There: Clare Morris and Nigel Bird, TQ
The poet and writer Clare Morris works in collaboration with the artist Nigel Bird in this engaging and interesting pamphlet. Their works not only interweave and enhance each other but also aim to support Wessex Multiple Sclerosis Therapy Centre in Warminster that has helped Nigel Bird to improve his condition and continue with his work.
They focus on important moments that are “there” - moments when you are present, fully aware of what is happening in a reality empowered by the imagination. The word “there” also points to the importance of relationships when people, families and friends are “just there” for a miraculous inspirational moment. As Clare Morris remarks in the foreword, her collaboration with Bird developed as a process in which they influenced each other, sometimes starting from the words, sometimes from the pictures. The “celebration of creativity” was crucial in their procedures and led to unexpected discoveries.
Morris’s simple and enthralling lines convey her feelings clearly as well as the thrill of new possibilities and the mysteries of the unknown she investigates in her poetry. The first poem of the collection, ‘Walking Down the River’, recalls the excitement of her first holiday in France when she was a girl: “the joy of those first steps alone/And marvel at such bravery.” In her adulthood, she maintains this openness to the world that surrounds her:
No need to huff and puff your presence yet,
it’s just the new day’s joy that warms you.
Cupped hands strain to keep it steady
to save the moment,
to savour and stretch the moment,
to tease out and twist and turn the moment,
so that it stays no longer than you’d hoped for moment,
a hold your breath, let it be there forever because even
the magpies are mute now moment.
It is an epiphany of sorts where dark and light merge and the poet catches a glimpse of eternity, “the wonder of that moment”. A similar view is expressed in the poems ‘Landmarks’ and ‘Lauds’ in which the religious references to St Paul in the first poem and to the resurrection of Christ in the latter point to hope in “the Spirit moving within” and in the miracle of the resurrection. However, both poems end with a sombre tone, an uncertain closure in which shadow and darkness seem to obscure the effects of the revelation “on Damascene roads”.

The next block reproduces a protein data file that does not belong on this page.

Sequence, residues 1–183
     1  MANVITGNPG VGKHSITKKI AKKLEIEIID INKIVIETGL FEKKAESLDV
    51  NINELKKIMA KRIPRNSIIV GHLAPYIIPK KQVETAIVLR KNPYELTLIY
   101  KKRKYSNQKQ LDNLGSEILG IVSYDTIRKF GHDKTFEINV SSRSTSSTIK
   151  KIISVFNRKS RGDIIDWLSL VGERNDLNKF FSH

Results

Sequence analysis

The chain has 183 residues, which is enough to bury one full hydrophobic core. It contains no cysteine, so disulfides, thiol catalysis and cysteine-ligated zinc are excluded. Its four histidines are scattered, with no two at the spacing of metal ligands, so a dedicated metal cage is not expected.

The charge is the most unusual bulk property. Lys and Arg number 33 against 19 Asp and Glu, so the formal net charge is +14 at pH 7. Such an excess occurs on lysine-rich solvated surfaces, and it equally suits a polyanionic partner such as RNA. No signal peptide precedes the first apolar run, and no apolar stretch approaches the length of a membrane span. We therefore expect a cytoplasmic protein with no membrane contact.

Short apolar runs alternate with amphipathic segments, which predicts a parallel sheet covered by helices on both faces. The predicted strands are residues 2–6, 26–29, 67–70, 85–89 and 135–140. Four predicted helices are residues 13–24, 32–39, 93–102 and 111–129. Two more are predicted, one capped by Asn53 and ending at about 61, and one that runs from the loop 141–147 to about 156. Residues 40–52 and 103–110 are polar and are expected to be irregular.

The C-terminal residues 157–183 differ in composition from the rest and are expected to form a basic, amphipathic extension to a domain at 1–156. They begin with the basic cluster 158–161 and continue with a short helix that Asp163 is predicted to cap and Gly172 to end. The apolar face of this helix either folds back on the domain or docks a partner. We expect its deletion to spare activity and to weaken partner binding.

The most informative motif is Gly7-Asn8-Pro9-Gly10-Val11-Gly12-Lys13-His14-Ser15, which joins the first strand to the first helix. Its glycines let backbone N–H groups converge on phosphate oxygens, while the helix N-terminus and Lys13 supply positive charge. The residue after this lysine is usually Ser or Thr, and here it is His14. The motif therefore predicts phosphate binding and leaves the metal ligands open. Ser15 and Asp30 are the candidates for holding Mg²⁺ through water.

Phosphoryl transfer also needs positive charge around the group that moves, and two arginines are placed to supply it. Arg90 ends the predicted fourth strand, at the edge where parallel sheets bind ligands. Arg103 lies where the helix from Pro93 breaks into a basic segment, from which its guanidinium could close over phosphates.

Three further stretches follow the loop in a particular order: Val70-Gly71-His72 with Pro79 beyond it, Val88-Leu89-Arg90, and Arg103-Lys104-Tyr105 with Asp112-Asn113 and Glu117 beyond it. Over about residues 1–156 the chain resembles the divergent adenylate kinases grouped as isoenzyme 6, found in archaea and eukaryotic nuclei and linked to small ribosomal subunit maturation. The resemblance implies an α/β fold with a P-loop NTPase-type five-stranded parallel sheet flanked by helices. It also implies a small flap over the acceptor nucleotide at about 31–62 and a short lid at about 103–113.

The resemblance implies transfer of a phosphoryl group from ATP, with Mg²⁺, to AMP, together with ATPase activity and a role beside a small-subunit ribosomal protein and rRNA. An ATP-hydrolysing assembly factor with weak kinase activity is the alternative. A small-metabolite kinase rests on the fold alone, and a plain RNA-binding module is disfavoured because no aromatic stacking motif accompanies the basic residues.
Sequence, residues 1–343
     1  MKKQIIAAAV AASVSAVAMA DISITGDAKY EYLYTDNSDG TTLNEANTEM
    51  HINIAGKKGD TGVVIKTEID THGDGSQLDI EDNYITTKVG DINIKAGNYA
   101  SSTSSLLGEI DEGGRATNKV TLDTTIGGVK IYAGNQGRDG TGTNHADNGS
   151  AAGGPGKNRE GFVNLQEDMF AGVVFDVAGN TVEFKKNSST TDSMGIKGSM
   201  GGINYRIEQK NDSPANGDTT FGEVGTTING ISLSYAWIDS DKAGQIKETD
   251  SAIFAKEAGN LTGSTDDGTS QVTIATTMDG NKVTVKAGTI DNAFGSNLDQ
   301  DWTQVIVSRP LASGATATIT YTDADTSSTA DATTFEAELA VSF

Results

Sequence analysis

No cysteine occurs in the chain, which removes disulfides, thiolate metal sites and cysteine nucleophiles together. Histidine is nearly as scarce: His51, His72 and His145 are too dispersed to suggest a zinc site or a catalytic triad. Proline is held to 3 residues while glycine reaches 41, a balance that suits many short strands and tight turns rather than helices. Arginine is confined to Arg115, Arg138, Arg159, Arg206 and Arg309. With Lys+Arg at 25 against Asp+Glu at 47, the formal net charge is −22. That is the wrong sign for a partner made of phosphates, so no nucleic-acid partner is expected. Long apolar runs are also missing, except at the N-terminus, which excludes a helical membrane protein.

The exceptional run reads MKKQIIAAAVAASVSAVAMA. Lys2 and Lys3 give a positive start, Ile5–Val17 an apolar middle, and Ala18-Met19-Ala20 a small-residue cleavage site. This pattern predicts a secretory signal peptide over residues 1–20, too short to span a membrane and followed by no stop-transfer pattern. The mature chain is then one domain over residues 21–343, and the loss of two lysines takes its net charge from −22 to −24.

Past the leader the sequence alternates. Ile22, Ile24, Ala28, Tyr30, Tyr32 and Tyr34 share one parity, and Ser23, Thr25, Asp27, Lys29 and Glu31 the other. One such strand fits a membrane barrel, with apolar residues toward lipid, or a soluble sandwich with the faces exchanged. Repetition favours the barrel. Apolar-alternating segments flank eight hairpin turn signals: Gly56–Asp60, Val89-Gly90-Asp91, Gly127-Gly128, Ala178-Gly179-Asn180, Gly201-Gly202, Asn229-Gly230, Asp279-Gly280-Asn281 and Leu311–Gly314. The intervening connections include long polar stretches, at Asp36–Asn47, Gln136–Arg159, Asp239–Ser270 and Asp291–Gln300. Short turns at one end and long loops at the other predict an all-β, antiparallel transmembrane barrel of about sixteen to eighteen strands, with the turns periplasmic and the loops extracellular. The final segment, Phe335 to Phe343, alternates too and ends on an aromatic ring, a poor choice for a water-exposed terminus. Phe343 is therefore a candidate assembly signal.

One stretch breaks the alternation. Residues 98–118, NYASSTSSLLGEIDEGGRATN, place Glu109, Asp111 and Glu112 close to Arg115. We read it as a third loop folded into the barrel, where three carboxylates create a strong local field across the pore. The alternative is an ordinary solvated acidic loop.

‘Prayer’ is an example of how words and art merge in the physicality of the writing, when Nigel Bird took photographs of the words of the poem and transformed them into a work of art, enlarging “the images again and again to reveal hidden patterns”. Bird experiments to the limit of abstraction, modifying and deforming the writing and referring in this way to the climate crisis expressed in the poem. The context is “the world’s waste/the boots that bruise, the cuts that crucify,/that strip your branches/bare” (‘Prayer’). The conclusion is bleak and emphasises the impotency of the poet and an uncertain future. In a similar way, Bird’s final photo of the series is a black and white picture with random black marks that reveal the words beneath, emphasising the darkness of this perspective.
Most of the pictures are “in waves of monochrome”, like ‘Embers’ which was inspired by “bushfires lit by the indigenous peoples of the Northern Territories in Australia”; they are symbols of renewal that destroys material but also creates “forms and spirals in the smoke” that have the quality of dreams, according to Bird.
The final poems emphasise even more the unspoken and unspeakable and the sense of loss the poet experiences when facing these mysterious situations. She looks for meaning and finds some joys in new discoveries that are, however, temporary and uncertain. Unspecified flashes and epiphanies are momentary sensations that promise renewal but remain unclear:
Noonday Juneday heat hounds my shadow, rapt
Captive to these dead-beat sleeping-dog days.
Contrails strum uncertain chords on broken
Strings, notes vanishing into distant haze.
(‘Bloomsday in Andalusia’)
And then sometimes, you wait and hold your breath,
hoping to be drowned by that torrent again but
the well is dry and the silence deafens
as you stare at hands
The search for meaning ends in “the ghost of an echo perched on the edge of sound” in the poem ‘There’. The situation dwells in an uncertain dimension, contingent and mysterious at the same time:
A low breath caressing the ear,
And suddenly it is alive and leaping,
A tumbling and rumbling on the path ahead,
A churning ache that roars raw unbound sound,
As you step into the teeth of it.
There is “a promise of renewal, each end, a/beginning”; we wait for an answer, returning home in temporary certainty. It is “just there” where we belong with our flaws and fears, with our vulnerability that delays and obfuscates our progression but also stimulates new perceptions. It is a never-ending process that triggers explorations in art and language in a creative view that contributes to our survival.
Clare Morris, There, illustrated by Nigel Bird, TQ Print and Design, £5